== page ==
I'm not sure Dan Quinn gets it

Dan Quinn doesn't seem to get it. BRANDEN CAMP/SPECIAL TO AJC

Combined ShapeCaption
Dan Quinn doesn't seem to get it. BRANDEN CAMP/SPECIAL TO AJC

FLOWERY BRANCH--The other day I wondered what Kyle Shanahan was thinking with his play-calling strategy late in the Super Bowl. Now I also wonder, and not for the first time: Does Dan Quinn get why it was bad strategy?

Here’s what Quinn had to say two days later after Shanahan’s egregious play-calling cost the Falcons a chance to kick what almost certainly would have been the game-clinching field goal.

“You think it’s going to be the right (call) there, for sure,” Quinn said. “I don’t disagree with the call. As it turns out, the outcome is what gets you.”

This is backwards. The call was bad and, with a chance to kick a game-clinching field goal, the only outcomes that matter are (in order) losing the ball, losing yards and not stopping the clock. The Falcons increased the probability of all three bad outcomes when Shanahan opted to pass.

To recap: The Falcons, leading 28-20, had a second-and-11 at the 23-yard line with four minutes to go. You know the rest: Ryan took a 13-yard sack, a holding penalty pushed the Falcons further back and, after another incomplete pass, they punted.

The sequence ran just 12 seconds off the clock and forced the Patriots to use just one of their three timeouts. And then Tom Brady did his thing.

Shanahan's explanation — "You don't think, just run the ball and make your guy kick a 50-yard field goal"— is myopic and inaccurate. A field goal from the 23-yard line would have been about 40 yards, not 50, and Bryant is 78 percent for his career from 40 to 49 yards and was 9-for-9 this season.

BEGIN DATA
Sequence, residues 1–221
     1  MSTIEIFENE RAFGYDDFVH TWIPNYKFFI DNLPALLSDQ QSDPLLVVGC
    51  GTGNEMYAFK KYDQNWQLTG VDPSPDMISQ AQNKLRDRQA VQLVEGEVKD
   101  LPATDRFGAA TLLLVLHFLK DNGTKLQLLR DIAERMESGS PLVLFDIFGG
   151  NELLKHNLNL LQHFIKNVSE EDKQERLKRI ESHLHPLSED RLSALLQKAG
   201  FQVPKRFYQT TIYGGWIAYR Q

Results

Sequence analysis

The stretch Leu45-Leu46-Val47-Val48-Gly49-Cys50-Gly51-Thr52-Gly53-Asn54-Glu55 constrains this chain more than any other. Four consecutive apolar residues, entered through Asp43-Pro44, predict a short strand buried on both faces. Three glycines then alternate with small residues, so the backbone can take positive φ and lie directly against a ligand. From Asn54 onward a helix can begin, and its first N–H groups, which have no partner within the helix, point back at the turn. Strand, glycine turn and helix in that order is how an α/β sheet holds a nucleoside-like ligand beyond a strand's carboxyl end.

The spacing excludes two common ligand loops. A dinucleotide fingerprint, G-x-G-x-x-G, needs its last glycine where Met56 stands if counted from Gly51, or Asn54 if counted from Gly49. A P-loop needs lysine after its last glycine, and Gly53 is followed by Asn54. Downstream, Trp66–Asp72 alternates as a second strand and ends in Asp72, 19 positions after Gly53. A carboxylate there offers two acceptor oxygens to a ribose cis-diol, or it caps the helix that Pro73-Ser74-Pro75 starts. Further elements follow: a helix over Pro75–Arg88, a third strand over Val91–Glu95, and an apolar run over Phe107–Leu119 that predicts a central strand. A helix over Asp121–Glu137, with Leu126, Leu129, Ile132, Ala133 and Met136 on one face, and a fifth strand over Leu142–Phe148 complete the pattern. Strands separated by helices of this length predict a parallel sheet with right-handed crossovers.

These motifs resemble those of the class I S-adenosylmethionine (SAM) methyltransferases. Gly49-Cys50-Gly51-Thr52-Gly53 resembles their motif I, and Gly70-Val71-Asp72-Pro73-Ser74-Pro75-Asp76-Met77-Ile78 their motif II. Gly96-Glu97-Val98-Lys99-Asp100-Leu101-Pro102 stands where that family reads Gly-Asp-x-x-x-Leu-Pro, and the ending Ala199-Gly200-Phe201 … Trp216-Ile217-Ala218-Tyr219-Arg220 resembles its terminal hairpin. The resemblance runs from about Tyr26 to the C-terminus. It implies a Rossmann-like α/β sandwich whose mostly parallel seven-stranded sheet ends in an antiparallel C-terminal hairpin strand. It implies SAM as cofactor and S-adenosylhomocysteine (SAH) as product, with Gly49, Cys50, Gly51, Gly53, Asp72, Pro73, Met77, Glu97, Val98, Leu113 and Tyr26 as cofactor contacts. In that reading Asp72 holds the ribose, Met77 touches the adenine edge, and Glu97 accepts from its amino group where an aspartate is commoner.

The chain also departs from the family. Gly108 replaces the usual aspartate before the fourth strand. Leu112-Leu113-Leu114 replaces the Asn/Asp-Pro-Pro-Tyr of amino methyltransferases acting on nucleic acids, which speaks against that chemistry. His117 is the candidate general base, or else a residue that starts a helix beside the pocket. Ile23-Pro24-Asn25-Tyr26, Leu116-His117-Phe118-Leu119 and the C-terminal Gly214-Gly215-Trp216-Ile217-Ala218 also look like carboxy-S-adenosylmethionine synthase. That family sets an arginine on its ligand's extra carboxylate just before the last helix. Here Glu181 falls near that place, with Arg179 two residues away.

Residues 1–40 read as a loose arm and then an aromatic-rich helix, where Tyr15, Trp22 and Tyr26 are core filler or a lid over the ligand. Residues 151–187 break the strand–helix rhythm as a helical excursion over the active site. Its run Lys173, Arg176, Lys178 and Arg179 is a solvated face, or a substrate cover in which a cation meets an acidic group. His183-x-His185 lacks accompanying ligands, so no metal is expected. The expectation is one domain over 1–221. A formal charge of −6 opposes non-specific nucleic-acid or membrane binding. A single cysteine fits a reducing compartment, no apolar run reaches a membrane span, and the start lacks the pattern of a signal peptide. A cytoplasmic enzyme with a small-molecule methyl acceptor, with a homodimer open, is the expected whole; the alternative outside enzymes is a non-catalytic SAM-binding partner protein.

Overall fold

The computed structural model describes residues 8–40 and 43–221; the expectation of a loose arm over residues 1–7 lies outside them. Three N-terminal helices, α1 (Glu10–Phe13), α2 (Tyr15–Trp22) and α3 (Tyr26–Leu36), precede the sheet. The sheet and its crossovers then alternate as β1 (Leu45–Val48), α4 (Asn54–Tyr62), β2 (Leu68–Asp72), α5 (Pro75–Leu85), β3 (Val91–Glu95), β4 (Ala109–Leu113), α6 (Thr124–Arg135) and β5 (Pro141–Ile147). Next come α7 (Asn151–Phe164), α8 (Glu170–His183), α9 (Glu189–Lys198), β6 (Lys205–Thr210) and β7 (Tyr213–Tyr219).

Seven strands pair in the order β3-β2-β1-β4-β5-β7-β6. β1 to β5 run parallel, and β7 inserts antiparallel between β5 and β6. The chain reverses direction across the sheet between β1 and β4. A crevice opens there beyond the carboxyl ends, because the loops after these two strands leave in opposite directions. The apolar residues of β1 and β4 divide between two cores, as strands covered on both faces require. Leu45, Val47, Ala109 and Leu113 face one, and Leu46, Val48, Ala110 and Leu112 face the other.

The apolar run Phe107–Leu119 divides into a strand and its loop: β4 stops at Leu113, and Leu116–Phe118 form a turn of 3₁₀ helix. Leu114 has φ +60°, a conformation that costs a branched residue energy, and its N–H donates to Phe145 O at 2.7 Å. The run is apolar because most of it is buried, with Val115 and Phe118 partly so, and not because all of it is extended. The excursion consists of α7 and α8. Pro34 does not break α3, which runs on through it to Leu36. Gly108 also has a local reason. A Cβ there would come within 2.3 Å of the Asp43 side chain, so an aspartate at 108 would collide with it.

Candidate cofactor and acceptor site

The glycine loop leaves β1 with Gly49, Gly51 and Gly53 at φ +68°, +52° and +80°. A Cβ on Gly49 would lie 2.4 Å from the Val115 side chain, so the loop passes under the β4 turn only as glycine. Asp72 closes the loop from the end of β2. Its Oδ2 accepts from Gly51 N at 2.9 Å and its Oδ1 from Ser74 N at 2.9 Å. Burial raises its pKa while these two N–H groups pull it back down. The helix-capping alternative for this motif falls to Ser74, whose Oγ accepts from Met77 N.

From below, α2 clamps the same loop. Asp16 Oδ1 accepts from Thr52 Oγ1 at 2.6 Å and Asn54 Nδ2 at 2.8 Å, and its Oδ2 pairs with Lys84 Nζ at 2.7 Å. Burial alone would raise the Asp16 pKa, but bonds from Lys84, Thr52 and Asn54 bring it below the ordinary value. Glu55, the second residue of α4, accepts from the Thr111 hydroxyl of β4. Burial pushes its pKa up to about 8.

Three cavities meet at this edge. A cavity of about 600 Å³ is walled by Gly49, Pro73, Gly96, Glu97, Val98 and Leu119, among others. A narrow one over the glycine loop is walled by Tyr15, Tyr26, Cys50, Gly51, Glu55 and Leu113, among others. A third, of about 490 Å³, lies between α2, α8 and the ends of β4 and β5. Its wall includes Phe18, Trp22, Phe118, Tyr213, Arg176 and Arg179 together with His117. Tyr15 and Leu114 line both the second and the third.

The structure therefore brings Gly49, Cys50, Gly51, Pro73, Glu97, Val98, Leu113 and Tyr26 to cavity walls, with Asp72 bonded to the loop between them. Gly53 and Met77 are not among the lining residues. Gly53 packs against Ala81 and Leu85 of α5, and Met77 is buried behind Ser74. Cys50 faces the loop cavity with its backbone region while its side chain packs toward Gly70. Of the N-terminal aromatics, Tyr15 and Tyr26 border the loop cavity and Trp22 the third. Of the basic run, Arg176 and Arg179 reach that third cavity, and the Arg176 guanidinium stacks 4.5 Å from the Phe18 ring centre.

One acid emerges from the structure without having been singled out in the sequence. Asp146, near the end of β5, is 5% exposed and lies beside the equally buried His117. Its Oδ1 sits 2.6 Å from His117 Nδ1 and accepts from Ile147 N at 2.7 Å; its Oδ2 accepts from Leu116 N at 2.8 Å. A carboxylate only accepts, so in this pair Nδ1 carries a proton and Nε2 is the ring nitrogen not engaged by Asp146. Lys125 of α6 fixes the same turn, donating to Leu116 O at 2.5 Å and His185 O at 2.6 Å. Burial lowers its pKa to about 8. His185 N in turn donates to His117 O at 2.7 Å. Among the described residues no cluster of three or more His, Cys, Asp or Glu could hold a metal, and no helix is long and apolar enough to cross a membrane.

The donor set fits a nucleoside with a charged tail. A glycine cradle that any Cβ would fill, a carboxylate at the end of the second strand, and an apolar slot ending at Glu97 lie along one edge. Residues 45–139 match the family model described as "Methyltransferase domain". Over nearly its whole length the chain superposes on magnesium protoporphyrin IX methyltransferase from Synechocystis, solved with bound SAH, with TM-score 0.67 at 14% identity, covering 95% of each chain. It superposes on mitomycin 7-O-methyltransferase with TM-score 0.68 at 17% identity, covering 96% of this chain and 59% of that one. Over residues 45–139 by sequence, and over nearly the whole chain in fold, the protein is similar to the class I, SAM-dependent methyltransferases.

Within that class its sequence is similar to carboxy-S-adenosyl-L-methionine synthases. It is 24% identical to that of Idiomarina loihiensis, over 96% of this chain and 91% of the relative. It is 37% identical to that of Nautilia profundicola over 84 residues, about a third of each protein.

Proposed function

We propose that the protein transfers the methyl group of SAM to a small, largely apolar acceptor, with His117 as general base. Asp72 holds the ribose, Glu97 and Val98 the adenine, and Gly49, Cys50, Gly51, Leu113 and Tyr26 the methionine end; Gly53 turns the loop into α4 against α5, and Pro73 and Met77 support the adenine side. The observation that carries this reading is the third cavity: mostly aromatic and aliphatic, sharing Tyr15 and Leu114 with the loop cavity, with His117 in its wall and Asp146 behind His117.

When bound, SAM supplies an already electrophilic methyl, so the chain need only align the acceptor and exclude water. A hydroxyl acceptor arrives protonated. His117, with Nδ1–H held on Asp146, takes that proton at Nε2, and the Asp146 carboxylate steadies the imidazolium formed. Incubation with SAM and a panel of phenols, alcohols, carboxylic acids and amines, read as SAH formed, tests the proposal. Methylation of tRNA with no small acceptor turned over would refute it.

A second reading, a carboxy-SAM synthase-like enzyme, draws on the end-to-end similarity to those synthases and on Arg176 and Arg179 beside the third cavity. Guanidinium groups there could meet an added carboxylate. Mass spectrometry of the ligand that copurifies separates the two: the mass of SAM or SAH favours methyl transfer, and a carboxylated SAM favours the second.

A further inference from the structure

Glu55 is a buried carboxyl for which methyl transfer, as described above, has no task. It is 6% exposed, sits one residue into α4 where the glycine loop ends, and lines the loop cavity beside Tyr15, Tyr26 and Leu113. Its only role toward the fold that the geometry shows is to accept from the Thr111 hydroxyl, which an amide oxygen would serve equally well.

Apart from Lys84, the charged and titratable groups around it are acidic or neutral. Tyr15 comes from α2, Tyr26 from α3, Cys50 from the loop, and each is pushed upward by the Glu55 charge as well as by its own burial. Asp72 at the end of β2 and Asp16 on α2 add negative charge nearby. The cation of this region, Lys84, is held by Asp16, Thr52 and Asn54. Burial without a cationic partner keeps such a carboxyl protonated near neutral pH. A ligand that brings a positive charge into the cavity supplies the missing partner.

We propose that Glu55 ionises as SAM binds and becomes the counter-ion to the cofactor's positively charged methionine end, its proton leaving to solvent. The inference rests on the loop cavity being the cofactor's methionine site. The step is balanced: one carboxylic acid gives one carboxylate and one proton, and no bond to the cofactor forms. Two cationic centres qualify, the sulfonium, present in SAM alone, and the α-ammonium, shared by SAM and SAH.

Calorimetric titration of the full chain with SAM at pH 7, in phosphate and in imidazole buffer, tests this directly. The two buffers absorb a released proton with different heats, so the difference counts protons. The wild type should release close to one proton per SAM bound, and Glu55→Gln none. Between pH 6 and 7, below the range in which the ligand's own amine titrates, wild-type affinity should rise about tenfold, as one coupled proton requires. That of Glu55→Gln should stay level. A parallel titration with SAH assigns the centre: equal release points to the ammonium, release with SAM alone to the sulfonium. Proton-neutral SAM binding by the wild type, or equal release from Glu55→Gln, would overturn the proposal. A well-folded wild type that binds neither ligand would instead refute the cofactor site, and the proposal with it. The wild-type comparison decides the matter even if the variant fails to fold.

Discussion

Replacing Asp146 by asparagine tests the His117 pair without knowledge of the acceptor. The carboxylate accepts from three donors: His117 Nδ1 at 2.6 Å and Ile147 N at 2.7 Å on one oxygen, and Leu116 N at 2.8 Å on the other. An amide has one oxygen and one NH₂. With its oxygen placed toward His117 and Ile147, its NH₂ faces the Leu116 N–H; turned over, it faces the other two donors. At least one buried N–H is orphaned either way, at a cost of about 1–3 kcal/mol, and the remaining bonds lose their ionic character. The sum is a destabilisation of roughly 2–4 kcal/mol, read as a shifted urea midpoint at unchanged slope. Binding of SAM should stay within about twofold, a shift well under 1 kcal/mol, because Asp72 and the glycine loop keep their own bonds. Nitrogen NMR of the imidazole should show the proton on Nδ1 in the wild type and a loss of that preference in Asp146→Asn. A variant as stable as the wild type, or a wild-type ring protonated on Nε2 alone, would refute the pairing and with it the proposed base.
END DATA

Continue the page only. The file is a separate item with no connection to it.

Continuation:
Nor was there any good reason to go for a touchdown in that situation. With so little time remaining, being ahead 15 points as opposed to 11 would not really make much difference. Not even Brady is likely to win down 11 with (roughly) 3:30 to play and one timeout.

Shanahan may get caught up in the minutiae of play-calling, but it's Quinn's job to manage the big picture. He obviously should have overruled Shanahan when he heard a pass play in his headset. Yet Quinn still doesn’t seem to recognize this.

Related headlines

It reminds me of Quinn's decision to kick a field goal from the 1-yard line at San Francisco in 2015. Quinn eventually said he regretted that call, but offered a qualitative reason: He sent the team the wrong message by not being aggressive. But he should have regretted it because, as I wrote at the time, making the field goal decreased his team's chances of winning the game  more than going for the fourth down and failing.

Similar logic applies to that fateful sequence in the Super Bowl. Quinn said the play called had Julio Jones as the primary option, but that’s irrelevant. The optimal play was to hand the ball off twice and kick the field goal. Do that, and it’s almost certain that the Falcons would be Super Bowl champions.

Quinn is a very good coach. I might be skeptical of the “brotherhood” stuff — it seems too rah-rah college for professionals — but the players seem to have bought into it. I think Quinn deserves major credit for identifying, acquiring and developing the Falcons’ young defensive talent.

Maybe Quinn knows he messed up by not overruling Shanahan but doesn’t want to say so publicly. Falcons supporters should hope that’s the case because the alternative is that Quinn really doesn’t get it.